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Grave Art

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The "domestication of death" that characterized 19th century attitudes toward death and the afterlife is visible in Oaklawn's memorial statuary and grave art. Some typical motifs are:

  • The broken column, suggesting a life cutoff
  • Recumbent lambs, especially on children's graves, symbolizing innocence
  • The draped urn, referencing both ancient burial practices and the veil between life and the afterlife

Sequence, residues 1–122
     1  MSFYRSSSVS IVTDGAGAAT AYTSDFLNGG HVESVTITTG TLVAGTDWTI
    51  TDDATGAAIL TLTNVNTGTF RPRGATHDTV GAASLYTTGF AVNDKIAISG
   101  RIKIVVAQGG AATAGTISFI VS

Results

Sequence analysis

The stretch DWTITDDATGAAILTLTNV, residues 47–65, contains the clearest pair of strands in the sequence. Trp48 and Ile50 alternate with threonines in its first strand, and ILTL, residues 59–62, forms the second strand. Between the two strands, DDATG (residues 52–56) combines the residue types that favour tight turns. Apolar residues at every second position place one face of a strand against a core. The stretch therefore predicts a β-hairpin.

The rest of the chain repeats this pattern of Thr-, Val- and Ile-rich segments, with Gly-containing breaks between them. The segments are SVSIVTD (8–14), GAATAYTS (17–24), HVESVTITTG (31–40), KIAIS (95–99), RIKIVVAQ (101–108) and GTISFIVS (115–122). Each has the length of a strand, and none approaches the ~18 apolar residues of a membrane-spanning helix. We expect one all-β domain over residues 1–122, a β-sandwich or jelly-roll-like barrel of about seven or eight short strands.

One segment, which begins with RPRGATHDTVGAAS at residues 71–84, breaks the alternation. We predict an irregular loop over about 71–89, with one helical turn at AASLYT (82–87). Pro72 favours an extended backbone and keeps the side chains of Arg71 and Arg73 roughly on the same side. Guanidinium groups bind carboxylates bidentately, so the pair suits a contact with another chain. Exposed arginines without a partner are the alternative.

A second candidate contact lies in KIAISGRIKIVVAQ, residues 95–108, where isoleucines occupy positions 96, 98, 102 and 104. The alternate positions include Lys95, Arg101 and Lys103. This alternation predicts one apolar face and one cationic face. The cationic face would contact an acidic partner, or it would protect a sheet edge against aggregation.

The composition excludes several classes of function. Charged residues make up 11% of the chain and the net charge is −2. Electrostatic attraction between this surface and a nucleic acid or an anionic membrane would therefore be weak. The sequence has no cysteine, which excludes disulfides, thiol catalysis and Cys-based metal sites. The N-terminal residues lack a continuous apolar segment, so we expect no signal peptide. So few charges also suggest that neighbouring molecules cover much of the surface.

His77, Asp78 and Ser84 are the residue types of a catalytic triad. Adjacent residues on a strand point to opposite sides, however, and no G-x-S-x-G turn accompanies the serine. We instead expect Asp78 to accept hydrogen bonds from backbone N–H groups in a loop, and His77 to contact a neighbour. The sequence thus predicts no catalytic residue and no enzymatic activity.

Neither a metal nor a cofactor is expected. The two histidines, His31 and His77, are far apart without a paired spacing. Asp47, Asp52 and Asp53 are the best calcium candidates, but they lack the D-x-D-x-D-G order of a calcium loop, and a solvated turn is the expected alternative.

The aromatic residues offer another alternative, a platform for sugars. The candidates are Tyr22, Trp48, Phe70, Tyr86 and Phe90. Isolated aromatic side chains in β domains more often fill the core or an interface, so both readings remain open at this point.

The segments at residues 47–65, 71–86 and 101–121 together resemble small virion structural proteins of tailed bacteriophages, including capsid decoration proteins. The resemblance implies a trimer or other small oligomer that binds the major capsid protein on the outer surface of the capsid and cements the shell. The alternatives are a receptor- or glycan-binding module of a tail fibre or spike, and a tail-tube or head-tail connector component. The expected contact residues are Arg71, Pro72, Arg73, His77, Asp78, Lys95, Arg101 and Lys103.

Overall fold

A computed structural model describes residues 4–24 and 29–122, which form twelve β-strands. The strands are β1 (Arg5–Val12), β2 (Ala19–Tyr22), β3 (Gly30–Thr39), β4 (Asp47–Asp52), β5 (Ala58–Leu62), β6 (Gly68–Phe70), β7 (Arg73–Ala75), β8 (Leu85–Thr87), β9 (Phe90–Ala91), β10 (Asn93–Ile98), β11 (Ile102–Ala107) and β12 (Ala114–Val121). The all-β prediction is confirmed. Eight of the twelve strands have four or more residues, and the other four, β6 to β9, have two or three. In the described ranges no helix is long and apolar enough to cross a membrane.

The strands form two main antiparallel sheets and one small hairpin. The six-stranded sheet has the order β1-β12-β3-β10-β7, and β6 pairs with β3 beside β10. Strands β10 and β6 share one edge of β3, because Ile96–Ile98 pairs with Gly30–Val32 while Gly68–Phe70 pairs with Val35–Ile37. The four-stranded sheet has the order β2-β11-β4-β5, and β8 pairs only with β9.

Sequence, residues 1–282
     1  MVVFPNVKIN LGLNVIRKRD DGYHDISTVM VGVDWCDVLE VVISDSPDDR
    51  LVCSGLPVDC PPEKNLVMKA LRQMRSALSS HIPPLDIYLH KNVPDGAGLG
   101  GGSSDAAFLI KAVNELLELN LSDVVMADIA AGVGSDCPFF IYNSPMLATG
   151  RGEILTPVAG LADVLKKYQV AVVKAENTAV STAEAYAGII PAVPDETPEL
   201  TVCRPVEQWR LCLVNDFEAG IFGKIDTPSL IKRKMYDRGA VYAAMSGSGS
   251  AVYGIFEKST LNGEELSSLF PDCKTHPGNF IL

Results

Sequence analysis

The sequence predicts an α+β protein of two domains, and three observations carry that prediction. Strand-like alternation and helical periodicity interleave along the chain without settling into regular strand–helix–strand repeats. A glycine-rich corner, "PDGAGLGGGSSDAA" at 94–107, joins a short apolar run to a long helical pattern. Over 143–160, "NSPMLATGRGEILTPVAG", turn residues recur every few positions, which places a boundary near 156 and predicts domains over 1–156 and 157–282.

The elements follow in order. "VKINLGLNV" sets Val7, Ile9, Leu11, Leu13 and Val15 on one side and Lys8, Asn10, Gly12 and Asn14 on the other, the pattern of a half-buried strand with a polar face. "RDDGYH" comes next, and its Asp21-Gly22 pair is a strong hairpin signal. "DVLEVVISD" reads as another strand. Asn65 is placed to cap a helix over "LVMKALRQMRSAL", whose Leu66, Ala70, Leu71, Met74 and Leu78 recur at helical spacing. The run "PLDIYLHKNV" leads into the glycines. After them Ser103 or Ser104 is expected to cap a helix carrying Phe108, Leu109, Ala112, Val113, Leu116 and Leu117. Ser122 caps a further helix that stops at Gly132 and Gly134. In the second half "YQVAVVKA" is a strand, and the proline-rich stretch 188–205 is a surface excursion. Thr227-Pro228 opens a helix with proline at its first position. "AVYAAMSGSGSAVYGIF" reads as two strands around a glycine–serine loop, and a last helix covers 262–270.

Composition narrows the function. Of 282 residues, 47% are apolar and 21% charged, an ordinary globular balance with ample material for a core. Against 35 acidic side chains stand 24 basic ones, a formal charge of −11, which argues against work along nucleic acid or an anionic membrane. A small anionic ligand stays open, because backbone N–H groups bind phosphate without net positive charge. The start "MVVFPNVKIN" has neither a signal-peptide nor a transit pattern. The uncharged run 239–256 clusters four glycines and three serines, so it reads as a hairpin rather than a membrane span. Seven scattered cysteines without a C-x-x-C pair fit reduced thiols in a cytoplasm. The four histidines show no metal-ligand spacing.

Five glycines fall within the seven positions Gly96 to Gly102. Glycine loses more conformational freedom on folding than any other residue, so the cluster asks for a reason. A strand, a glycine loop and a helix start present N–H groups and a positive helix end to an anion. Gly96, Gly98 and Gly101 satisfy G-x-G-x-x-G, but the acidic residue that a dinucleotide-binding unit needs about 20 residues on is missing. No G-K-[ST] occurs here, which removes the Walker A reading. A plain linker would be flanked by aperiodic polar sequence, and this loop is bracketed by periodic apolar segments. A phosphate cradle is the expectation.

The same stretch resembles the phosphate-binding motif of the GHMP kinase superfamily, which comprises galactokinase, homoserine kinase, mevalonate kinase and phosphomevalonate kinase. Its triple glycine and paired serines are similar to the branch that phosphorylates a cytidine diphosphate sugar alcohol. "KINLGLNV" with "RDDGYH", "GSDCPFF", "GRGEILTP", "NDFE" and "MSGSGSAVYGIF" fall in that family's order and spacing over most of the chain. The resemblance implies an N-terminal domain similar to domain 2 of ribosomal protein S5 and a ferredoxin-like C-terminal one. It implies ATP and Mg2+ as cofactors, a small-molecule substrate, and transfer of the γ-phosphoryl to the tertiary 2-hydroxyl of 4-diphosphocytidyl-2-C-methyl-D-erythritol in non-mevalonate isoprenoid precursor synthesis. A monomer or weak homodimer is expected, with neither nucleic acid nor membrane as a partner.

• The sheaf of wheat, denoting a fruitful life and/or the harvest of souls
  • The rose, frequently seen on women's graves, expressing purity and fragility
  • The weeping willow, a marker of immortal life
  • Ivy vines, representing immortality and fidelity
  • Fraternal emblems or mottos, indicating the decedent's membership in Freemasonry, Woodmen of the World, Elks, or the American Legion.

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